Simply stating that the mortality rate is less than 1% with no other context is almost Trumpian in it's ability to mis-lead.
To truly mislead, you'd need the media. Here's one I made earlier-
By Michelle Roberts Health editor, BBC News online
... The Recovery Trial, running since March, also looked at the malaria drug hydroxychloroquine, which has subsequently been ditched amid concerns it increases fatalities and heart problems.
Sooo.. was that the trial reported in the Lancet that had to be retracted after discovering some very dodgy data mining? Oh.. The 'Recovery' Trial-
FS : Could you please precise what dosage of HCQ you gave to the patient ? and the results ?
ML : It is 2400 mg in the first 24 hours and 800 mg from day 2 to day 10. It is an 10 day course of treatment in total. These are quite high doses to make sure that the blood levels got high enough to have a chance of killing the virus.
Which is... curious. Especially given-
Potential risks of treatment include prolongation of the QTc interval (especially in patients with preexisting cardiac disease or if coprescribed with azithromycin), hypoglycemia, neuropsychiatric effects, drug–drug interactions and idiosyncratic hypersensitivity reactions.
Sooo.. Design a trial that gives patients with pre-existing heart conditions & diabetes 4x the NICE recommended dose, then end the trial on 'safety grounds' to focus efforts on helping big pharma with their product development. Eventually Remdesivir might be found to work on... something.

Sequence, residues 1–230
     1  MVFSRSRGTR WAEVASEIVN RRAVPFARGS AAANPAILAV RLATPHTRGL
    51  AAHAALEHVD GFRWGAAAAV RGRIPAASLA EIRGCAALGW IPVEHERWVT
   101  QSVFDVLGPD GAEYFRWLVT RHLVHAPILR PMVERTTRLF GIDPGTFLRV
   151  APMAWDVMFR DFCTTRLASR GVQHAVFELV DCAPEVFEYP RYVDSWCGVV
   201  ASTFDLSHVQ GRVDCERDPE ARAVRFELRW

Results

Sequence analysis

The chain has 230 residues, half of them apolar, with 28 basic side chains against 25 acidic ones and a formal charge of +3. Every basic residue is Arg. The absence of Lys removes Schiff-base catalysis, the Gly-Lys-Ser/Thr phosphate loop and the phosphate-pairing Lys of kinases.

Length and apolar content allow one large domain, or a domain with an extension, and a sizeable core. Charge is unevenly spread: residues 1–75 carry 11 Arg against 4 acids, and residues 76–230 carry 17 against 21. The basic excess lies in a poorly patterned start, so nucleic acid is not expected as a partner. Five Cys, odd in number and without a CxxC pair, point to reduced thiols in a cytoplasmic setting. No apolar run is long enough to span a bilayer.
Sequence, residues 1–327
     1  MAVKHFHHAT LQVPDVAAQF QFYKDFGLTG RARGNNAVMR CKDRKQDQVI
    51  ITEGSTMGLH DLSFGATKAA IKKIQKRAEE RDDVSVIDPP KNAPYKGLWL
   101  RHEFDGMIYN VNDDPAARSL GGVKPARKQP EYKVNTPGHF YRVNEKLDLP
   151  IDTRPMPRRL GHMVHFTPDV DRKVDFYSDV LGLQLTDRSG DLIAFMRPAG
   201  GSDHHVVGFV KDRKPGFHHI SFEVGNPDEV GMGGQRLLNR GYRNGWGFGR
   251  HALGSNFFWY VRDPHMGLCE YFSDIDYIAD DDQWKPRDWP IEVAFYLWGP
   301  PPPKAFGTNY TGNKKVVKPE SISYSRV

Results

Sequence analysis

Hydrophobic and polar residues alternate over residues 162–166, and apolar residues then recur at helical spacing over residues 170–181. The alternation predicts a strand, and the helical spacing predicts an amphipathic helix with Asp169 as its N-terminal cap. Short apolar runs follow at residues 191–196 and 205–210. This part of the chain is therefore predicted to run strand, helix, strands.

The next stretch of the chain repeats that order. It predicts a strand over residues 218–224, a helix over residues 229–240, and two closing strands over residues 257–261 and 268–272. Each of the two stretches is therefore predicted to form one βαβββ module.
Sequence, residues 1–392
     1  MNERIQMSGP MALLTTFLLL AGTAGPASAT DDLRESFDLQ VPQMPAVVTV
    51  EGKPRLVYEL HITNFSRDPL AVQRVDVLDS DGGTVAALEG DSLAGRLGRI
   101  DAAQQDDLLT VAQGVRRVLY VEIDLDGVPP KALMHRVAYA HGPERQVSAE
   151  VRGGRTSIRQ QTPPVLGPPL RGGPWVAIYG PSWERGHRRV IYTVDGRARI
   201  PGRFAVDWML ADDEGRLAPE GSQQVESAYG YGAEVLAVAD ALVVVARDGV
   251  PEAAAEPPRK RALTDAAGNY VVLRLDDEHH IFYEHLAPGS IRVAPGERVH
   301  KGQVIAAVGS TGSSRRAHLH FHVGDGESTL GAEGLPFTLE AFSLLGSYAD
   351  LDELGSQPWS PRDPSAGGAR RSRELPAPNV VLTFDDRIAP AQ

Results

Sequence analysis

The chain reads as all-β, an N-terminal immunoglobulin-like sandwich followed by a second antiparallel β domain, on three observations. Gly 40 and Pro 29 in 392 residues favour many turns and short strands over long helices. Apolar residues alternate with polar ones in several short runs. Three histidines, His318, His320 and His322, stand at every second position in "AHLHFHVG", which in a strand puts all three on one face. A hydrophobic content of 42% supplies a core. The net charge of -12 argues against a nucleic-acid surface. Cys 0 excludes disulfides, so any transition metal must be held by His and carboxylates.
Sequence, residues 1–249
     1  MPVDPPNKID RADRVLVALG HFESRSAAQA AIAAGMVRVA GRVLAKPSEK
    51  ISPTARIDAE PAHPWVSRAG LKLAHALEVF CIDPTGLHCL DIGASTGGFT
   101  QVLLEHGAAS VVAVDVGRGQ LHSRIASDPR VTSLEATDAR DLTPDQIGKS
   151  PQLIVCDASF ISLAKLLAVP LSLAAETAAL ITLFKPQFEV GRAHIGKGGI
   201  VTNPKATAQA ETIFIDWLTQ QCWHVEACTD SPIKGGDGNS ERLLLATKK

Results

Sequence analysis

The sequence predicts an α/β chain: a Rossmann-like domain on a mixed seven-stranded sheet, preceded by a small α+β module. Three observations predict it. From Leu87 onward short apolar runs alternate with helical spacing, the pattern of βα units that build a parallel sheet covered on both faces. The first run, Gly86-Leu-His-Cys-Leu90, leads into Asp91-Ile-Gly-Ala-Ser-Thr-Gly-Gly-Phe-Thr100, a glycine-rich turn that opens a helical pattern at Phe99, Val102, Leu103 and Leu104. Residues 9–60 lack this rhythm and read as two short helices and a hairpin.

But such is politics. One would have hoped the BBC's 'Health Editor' had been aware of the Lancet's problems, or even concerns about the dosage used in the 'Recovery' trial. Or perhaps even ask pointed questions, like if anyone's tried the hydroxychlorquine + zinc combo to see if it reduced infection rates.. Which is what the original claims suggested.
And Ferguson's model would still have been wrong given it used the wrong values for infection rates & mortality, amongst others. Meanwhile, the app isn't going to produce anything meaningful, but due to a combination of cabin fever & peaceful protesting, there'll be more opportunities to revise models based on the lock-down becoming unlocked.
And on a positive note.. Track & Trace apps could prove really useful to see who's violating curfews & unlawfully assembling. This is a Good Thing(tm)... isn't it? Big Data can soon monitor populations to 2m-ish resolution in near real-time. What could possibly go wrong?